Genealogies of Knowledge II
An international conference hosted by the
Centre for Translation and the Department of Translation, Interpreting and Intercultural Studies,
Hong Kong Baptist University, Hong Kong
In collaboration with the Genealogies of Knowledge Project, University of Manchester, UK
7-9 April 2020
This conference builds on and extends the theme of Genealogies of Knowledge I, which was held in Manchester in December 2017 and focused on the role of translation in the production and circulation of political, scientific and other key concepts in social life across time and space. Hosted by the Centre for Translation, Hong Kong Baptist University, Genealogies of Knowledge II will continue to explore how (re)translation, rewriting and other forms of mediation participate in the production and contestation of knowledge and how they renegotiate and/or transform the meaning of key concepts and values at specific historical junctures. This concluding event of the Genealogies of Knowledge project will further seek to widen the platform for enquiry into processes of knowledge construction and circulation by examining how criteria for the recognition and validation of ideas, sources of knowledge, theories and research methods have shifted across cultural spaces, within and across disciplines, and the contribution of translation to effecting such shifts.
Transnational epistemologies are thematized in this event to foreground the contribution that all actors and locations involved at every stage of the process of knowledge production and contestation make to our understanding of the world at any given moment. Examined from a transnational perspective, these epistemologies emerge as networks of interlocking concepts, ideas, debates and practices whose boundaries are not necessarily coterminous with those of national cultures, organizations, institutions, or socio-political movements – irrespective of whether the translational sites under scrutiny were formed several centuries ago or are the product of the deterritorialized exchanges that digital culture has enabled. Heightened awareness of the significance of transnational epistemologies is envisaged to further challenge traditional Euro- or Western-centric studies on the production and circulation of knowledge, and to contribute to the emancipation of subaltern, diasporic and non-institutional perspectives on knowledge, truth and validity.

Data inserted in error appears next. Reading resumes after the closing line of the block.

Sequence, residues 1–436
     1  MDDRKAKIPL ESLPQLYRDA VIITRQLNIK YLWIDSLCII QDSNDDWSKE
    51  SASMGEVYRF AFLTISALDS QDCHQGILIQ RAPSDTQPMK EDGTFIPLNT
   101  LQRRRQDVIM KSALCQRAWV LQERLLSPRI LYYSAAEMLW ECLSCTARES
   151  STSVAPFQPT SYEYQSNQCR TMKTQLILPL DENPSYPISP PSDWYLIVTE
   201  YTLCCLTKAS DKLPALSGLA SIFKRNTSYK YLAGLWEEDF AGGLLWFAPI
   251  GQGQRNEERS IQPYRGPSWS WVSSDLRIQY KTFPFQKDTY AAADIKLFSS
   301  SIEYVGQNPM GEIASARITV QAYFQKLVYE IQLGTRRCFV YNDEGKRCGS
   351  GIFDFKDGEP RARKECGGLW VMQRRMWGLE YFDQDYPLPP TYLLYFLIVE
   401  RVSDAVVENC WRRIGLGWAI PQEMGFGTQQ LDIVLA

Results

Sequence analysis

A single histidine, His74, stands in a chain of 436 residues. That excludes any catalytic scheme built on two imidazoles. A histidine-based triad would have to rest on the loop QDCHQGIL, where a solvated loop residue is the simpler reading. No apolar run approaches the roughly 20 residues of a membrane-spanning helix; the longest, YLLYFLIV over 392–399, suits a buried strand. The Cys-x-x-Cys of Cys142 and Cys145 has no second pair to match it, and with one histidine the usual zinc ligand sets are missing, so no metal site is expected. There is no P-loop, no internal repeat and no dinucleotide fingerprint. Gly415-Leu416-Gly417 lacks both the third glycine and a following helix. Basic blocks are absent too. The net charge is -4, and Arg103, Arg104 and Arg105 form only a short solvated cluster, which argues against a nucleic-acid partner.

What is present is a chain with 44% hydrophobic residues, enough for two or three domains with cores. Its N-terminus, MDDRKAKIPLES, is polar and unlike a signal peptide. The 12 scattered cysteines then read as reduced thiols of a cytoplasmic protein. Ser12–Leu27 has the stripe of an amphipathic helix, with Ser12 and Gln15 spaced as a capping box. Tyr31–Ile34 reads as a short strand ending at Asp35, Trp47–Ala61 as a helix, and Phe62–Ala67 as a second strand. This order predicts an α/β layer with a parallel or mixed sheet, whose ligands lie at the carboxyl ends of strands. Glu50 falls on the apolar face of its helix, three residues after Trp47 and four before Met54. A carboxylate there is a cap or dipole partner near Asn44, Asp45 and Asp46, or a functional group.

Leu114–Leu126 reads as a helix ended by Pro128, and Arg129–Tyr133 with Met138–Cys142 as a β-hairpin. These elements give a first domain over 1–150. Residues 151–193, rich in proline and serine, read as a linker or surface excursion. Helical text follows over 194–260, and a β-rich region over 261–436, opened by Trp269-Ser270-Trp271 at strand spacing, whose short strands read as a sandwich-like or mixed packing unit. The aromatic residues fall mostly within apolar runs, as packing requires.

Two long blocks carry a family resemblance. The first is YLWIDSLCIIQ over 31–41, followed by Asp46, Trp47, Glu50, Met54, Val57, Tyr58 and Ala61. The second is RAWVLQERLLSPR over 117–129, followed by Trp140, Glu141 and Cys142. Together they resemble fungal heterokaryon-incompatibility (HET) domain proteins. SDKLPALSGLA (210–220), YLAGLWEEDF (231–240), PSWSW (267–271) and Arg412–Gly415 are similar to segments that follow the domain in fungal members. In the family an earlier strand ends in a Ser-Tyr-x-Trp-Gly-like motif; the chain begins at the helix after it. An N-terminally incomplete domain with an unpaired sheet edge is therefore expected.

Transdisciplinary epistemologies are highlighted in order to acknowledge the role that transdisciplinarity has played in the construction and circulation of knowledge over the centuries, and to gauge the contribution of different disciplinary domains to the emergence and consolidation of expert discourses. ‘Genealogizing’, understood in the Foucauldian (1972) sense, involves revealing overlooked or hidden links between what have been traditionally presented as scientific discourses separated by normativized disciplinary boundaries. We welcome contributions that engage with the impact of ‘epistemological insurrectionism’ and recent claims that ‘a transdisciplinary epistemology can account for social and political relations constitutive of dominant forms of knowledge production’ (Rimke 2010: 239).
Translational epistemologies, the theme at the heart of this event, reflects the growing use of translation by scholars in a range of scholarly domains ‘as a trope through which the local concerns of the appropriating discipline may be addressed’ (Baker and Saldanha 2011: xxi). We welcome contributions that engage with this turn to translation, which is evident across many disciplines, especially in the humanities (Ødemark and Engebretsen 2018), but also in the field of medicine – as illustrated by the increasing ubiquity of knowledge translation or translational research activities that attempt to put research-based knowledge into practice. As a specific strand of the broader process of transdisciplinarity, the emergence of translational epistemologies illustrates how taken for granted values of scientific endeavour – such as objectivity and universality – may be productively ’replaced by problematization, agonism, and contradiction in the genealogical method’ (Rimke 2010: 251).